The upgrading of the present system, the Jubilee line extension, the improvements to Thameslink and a new line through central London would transform London's rail network over the next decade.
Mr. Cope : The dates of receipt and of response to the majority of correspondence received from hon. Members by the Northern Ireland Office and Northern Ireland Departments is incorporated in the basic data for each item.
Mr. Alton : To ask the Secretary of State for Northern Ireland what definition he intends to make of what constitutes an integrated school ; what provision he intends to make to secure balanced enrolment in an integrated school ; what provision for balance between both traditions in Northern Ireland he intends to provide on the governing bodies of integrated schools ; what representations he has received about the definition and appointment of foundation governors and schemes of management for schools which opt for grant-maintained integrated status ; and if he will make a statement.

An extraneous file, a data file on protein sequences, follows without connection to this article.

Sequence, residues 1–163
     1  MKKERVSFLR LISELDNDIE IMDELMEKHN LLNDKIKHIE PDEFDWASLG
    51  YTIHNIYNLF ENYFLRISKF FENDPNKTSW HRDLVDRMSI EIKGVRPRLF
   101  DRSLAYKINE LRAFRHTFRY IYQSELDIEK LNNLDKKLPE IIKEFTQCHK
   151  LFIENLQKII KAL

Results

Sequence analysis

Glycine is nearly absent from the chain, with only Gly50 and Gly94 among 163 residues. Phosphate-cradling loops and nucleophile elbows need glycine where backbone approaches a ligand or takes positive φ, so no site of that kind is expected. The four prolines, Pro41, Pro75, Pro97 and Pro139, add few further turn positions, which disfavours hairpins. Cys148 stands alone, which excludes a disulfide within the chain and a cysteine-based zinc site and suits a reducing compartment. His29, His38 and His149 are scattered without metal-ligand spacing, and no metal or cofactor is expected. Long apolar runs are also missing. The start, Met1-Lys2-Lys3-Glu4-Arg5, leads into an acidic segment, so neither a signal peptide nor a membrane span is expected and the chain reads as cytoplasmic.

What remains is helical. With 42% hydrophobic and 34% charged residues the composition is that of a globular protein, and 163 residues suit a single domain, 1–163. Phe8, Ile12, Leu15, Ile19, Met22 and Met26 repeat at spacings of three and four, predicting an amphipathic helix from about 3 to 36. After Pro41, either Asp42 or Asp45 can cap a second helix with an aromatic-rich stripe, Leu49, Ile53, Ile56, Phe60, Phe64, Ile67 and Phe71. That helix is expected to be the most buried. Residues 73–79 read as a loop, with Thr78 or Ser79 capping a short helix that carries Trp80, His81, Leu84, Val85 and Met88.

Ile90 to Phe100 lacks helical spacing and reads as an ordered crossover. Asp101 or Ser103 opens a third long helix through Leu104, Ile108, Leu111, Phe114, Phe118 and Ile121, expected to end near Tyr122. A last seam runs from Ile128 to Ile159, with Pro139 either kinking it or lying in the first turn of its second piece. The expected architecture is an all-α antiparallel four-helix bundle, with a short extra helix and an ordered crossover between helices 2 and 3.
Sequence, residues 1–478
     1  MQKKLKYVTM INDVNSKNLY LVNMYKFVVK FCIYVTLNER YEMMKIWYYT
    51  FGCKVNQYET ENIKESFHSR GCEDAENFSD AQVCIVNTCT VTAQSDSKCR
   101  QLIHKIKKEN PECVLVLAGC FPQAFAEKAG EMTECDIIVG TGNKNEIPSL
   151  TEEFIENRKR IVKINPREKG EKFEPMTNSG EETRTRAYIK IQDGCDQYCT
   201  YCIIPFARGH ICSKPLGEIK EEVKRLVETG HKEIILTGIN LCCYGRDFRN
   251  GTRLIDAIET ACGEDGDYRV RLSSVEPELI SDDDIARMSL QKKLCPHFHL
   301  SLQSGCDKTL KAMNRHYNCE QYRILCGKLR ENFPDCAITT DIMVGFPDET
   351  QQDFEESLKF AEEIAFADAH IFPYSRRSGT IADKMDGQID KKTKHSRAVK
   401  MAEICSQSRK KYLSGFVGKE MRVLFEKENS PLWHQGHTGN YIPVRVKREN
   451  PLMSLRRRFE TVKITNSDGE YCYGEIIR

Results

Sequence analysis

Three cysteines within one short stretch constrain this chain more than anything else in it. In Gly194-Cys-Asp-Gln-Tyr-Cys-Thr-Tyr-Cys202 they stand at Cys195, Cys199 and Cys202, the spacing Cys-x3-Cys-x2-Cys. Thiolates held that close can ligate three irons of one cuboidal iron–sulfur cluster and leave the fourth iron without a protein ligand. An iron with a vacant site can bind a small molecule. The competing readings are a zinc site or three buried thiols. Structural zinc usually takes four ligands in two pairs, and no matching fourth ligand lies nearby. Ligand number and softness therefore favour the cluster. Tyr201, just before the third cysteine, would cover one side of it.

Dr. Mawhinney : It is clearly inherent in the concept of integrated schooling that substantial numbers of Protestant and Roman Catholic pupils should be educated together. It is also vital that the management and ethos of an integrated school should be such as to ensure that parents perceive the school as guaranteeing equality of respect and treatment for all pupils regardless of their religious denomination. To require a balanced enrolment would, however, imply the enrolment of Protestants and Roman Catholics in roughly equal numbers. This would have the effect of denying integrated status to all but a few schools, defeating the Government's objective of enabling as many parents as possible to aspire to have their children educated with children from both traditions.